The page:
Book Review |Bookworm: A Memoir of Childhood Reading by Lucy Mangan 

BookwormAbout the Book

When Lucy Mangan was little, stories were everything. They opened up new worlds and cast light on all the complexities she encountered in this one.

She was whisked away to Narnia – and Kirrin Island – and Wonderland. She ventured down rabbit holes and womble burrows into midnight gardens and chocolate factories. She wandered the countryside with Milly-Molly-Mandy, and played by the tracks with the Railway Children. With Charlotte’s Web she discovered Death and with Judy Blume it was Boys. No wonder she only left the house for her weekly trip to the library or to spend her pocket money on amassing her own at home.

In Bookworm, Lucy revisits her childhood reading with wit, love and gratitude. She relives our best-beloved books, their extraordinary creators, and looks at the thousand subtle ways they shape our lives. She also disinters a few forgotten treasures to inspire the next generation of bookworms and set them on their way.  Lucy brings the favourite characters of our collective childhoods back to life – prompting endless re-readings, rediscoveries, and, inevitably, fierce debate – and brilliantly uses them to tell her own story, that of a born, and unrepentant, bookworm.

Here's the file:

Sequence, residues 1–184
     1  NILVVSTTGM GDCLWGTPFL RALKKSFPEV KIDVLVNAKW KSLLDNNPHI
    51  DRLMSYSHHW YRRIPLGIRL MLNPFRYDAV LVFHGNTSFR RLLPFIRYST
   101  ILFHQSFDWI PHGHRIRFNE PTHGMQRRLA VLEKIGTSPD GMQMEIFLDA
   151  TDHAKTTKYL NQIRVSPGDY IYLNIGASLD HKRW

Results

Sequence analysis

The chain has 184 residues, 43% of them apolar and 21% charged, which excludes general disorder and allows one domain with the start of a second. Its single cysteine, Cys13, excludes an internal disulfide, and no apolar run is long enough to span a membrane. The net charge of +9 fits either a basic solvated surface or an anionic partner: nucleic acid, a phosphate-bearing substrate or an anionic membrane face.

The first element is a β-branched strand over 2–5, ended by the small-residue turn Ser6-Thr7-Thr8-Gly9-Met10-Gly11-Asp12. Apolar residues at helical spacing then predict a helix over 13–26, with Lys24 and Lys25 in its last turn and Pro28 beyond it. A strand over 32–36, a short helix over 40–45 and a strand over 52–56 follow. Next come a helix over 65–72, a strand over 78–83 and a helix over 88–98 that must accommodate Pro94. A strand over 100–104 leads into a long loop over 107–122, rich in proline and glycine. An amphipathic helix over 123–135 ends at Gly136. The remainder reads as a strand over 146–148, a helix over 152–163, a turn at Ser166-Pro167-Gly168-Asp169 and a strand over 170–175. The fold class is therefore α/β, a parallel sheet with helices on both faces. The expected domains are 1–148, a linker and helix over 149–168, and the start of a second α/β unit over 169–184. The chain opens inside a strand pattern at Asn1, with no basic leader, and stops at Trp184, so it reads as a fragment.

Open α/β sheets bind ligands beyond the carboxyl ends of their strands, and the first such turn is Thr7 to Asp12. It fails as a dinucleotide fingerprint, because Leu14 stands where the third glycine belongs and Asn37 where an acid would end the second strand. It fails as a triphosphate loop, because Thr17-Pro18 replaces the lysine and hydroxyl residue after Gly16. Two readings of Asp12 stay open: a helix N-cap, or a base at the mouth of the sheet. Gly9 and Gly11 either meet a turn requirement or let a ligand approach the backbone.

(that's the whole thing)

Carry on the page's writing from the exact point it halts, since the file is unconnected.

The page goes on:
Format: Hardcover (336 pp.)    Publisher: Square Peg
Published: 1st March 2018        Genre: Memoir, Non-Fiction

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My Review

Bookworm: A Memoir of Childhood Reading by Lucy Mangan is one of the books on my Henley Festival 2018 Reading list.  You can find the complete list on my dedicated Henley Literary Festival page.

The reader finds out quite a lot about Lucy Mangan from her book.   For one, that she has an amazing memory for the books she read as a child.  I think few of us, myself included, could bring to mind so much detail about the books we read at each age.  Then again, the author is clearly a hoarder, or perhaps more correctly, a cherisher of books, still owning many of the books she acquired as a child.

Bookworm gives the reader a picture of a somewhat solitary child; not lonely, but self-contained, grabbing every spare moment to curl up somewhere with a book.  If you’re a bookworm yourself, you’ll be familiar with the dilemma of being obliged to fulfil social engagements when immersed in a particularly gripping read.  Encouraged by her father in particular, the author fell in love with libraries at an early age and believes in the importance of their role still.  Mangan is passionate about passing on her love of reading to her son, even if he is a bit reluctant occasionally to show the degree of excitement she’d like over a particularly beloved book!